Difference between Big-O and Little-O Notation

What is the difference between Big-O notation `O(n)` and Little-O notation `o(n)`?

f ∈ O(g) says, essentially

For at least one choice of a constant k > 0, you can find a constant a such that the inequality 0 <= f(x) <= k g(x) holds for all x > a.

Note that O(g) is the set of all functions for which this condition holds.

f ∈ o(g) says, essentially

For every choice of a constant k > 0, you can find a constant a such that the inequality 0 <= f(x) < k g(x) holds for all x > a.

Once again, note that o(g) is a set.

In Big-O, it is only necessary that you find a particular multiplier k for which the inequality holds beyond some minimum x.

In Little-o, it must be that there is a minimum x after which the inequality holds no matter how small you make k, as long as it is not negative or zero.

These both describe upper bounds, although somewhat counter-intuitively, Little-o is the stronger statement. There is a much larger gap between the growth rates of f and g if f ∈ o(g) than if f ∈ O(g).

One illustration of the disparity is this: f ∈ O(f) is true, but f ∈ o(f) is false. Therefore, Big-O can be read as "f ∈ O(g) means that f's asymptotic growth is no faster than g's", whereas "f ∈ o(g) means that f's asymptotic growth is strictly slower than g's". It's like `<=` versus `<`.

More specifically, if the value of g(x) is a constant multiple of the value of f(x), then f ∈ O(g) is true. This is why you can drop constants when working with big-O notation.

However, for f ∈ o(g) to be true, then g must include a higher power of x in its formula, and so the relative separation between f(x) and g(x) must actually get larger as x gets larger.

To use purely math examples (rather than referring to algorithms):

The following are true for Big-O, but would not be true if you used little-o:

• x² ∈ O(x²)
• x² ∈ O(x² + x)
• x² ∈ O(200 * x²)

The following are true for little-o:

• x² ∈ o(x³)
• x² ∈ o(x!)
• ln(x) ∈ o(x)

Note that if f ∈ o(g), this implies f ∈ O(g). e.g. x² ∈ o(x³) so it is also true that x² ∈ O(x³), (again, think of O as `<=` and o as `<`)

• Yes-- the difference is in whether the two functions may be asymptotically the same. Intuitively I like to think of big-O meaning "grows no faster than" (i.e. grows at the same rate or slower) and little-o meaning "grows strictly slower than". – Phil Sep 1 '09 at 20:38
• @Phil Good wording. I worked that into my answer. – Tyler McHenry Sep 1 '09 at 20:46
• Copy this to wikipedia? This is much better that what's there. – cloudsurfin Nov 9 '14 at 4:42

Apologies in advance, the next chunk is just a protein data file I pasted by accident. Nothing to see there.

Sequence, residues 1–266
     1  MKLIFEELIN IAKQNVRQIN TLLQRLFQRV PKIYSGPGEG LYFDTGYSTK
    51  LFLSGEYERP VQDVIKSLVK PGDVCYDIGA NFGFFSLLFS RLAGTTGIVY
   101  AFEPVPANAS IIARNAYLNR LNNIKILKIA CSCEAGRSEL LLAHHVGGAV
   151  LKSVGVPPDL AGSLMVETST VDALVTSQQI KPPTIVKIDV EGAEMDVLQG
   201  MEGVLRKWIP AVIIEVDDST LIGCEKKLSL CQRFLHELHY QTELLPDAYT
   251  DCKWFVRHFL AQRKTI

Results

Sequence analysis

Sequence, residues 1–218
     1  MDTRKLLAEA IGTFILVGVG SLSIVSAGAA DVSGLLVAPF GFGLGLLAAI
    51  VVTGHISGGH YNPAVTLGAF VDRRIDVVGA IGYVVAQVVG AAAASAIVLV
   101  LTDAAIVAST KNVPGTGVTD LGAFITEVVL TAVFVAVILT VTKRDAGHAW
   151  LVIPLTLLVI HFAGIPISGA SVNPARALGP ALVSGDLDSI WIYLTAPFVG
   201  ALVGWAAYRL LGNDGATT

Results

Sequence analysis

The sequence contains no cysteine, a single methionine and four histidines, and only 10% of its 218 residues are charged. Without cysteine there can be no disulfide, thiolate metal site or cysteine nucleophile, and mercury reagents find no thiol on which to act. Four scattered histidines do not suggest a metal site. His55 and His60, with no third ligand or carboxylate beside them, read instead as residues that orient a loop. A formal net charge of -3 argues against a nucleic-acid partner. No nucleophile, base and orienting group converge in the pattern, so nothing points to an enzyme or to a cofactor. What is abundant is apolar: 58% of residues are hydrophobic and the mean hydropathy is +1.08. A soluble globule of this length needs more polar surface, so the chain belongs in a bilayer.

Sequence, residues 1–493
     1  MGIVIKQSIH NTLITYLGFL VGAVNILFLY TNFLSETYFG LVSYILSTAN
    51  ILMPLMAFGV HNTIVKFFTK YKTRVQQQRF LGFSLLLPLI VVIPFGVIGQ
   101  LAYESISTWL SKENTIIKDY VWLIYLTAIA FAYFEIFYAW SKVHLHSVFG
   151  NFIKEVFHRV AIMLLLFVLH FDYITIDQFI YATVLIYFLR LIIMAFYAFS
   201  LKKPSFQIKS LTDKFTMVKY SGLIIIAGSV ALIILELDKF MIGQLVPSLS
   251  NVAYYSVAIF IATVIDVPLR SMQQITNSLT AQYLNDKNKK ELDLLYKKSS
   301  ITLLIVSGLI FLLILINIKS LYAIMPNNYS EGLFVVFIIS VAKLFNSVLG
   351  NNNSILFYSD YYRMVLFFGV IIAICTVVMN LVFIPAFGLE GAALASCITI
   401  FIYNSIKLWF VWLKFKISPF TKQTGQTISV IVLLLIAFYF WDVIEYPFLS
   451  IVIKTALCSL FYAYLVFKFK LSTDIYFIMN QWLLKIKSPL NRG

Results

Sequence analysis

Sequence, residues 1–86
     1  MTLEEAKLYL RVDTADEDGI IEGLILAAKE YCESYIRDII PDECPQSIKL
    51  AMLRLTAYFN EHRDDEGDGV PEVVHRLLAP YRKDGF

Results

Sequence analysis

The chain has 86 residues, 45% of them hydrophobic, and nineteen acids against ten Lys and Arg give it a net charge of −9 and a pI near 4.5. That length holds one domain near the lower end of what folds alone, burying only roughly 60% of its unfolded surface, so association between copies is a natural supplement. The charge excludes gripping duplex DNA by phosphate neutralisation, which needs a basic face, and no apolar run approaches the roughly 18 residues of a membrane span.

• @TylerMcHenry for little(o) would it be true if it is 2^n = o(3^n)? – S A Dec 28 '15 at 22:01
• @SA Yes. That's a trickier case where the simpler rule I gave about "higher powers of x" isn't obviously applicable. But if you look at the more rigorous limit definitions given in Strilanc's answer below, what you want to know is if lim n->inf (2^n / 3^n) = 0. Since (2^n / 3^n) = (2/3)^n and since for any 0 <= x < 1, lim n->inf (x^n) = 0, it is true that 2^n = o(3^n). – Tyler McHenry Jan 17 '16 at 5:02

Big-O is to little-o as `≤` is to `<`. Big-O is an inclusive upper bound, while little-o is a strict upper bound.

For example, the function `f(n) = 3n` is:

• in `O(n²)`, `o(n²)`, and `O(n)`
• not in `O(lg n)`, `o(lg n)`, or `o(n)`

Analogously, the number `1` is:

• `≤ 2`, `< 2`, and `≤ 1`
• not `≤ 0`, `< 0`, or `< 1`

Here's a table, showing the general idea: (Note: the table is a good guide but its limit definition should be in terms of the superior limit instead of the normal limit. For example, `3 + (n mod 2)` oscillates between 3 and 4 forever. It's in `O(1)` despite not having a normal limit, because it still has a `lim sup`: 4.)

I recommend memorizing how the Big-O notation converts to asymptotic comparisons. The comparisons are easier to remember, but less flexible because you can't say things like nO(1) = P.

• I have one question: what's the difference between line 3 and 4 (limit definitions column)? Could you please show me one example where 4 holds (lim > 0), but not 3? – Masked Man Jan 21 '14 at 5:08
• Oh, I figured it out. Big Omega is for lim > 0, Big Oh is for lim < infinity, Big Theta is when both conditions hold, meaning 0 < lim < infinity. – Masked Man Jan 21 '14 at 5:16
• For f ∈ Ω(g), shouldn't the limit at infinity evaluate to >= 1 ? Similarly for f ∈ O(g), 1=<c<∞? – user2963623 Aug 22 '15 at 7:16
• @user2963623 No, because finite values strictly above 0, including values between 0 and 1, correspond to "same asymptotic complexity but different constant factors". If you omit values below 1, you have a cutoff in constant-factor space instead of in asymptotic-complexity space. – Craig Gidney Aug 22 '15 at 13:52
• @ubadub You broadcast the exponentiation operation over the set. It's loose notation. – Craig Gidney Dec 18 '18 at 23:04

I find that when I can't conceptually grasp something, thinking about why one would use X is helpful to understand X. (Not to say you haven't tried that, I'm just setting the stage.)

[stuff you know]A common way to classify algorithms is by runtime, and by citing the big-Oh complexity of an algorithm, you can get a pretty good estimation of which one is "better" -- whichever has the "smallest" function in the O! Even in the real world, O(N) is "better" than O(N²), barring silly things like super-massive constants and the like.[/stuff you know]

Let's say there's some algorithm that runs in O(N). Pretty good, huh? But let's say you (you brilliant person, you) come up with an algorithm that runs in O(NloglogloglogN). YAY! Its faster! But you'd feel silly writing that over and over again when you're writing your thesis. So you write it once, and you can say "In this paper, I have proven that algorithm X, previously computable in time O(N), is in fact computable in o(n)."

Thus, everyone knows that your algorithm is faster --- by how much is unclear, but they know its faster. Theoretically. :)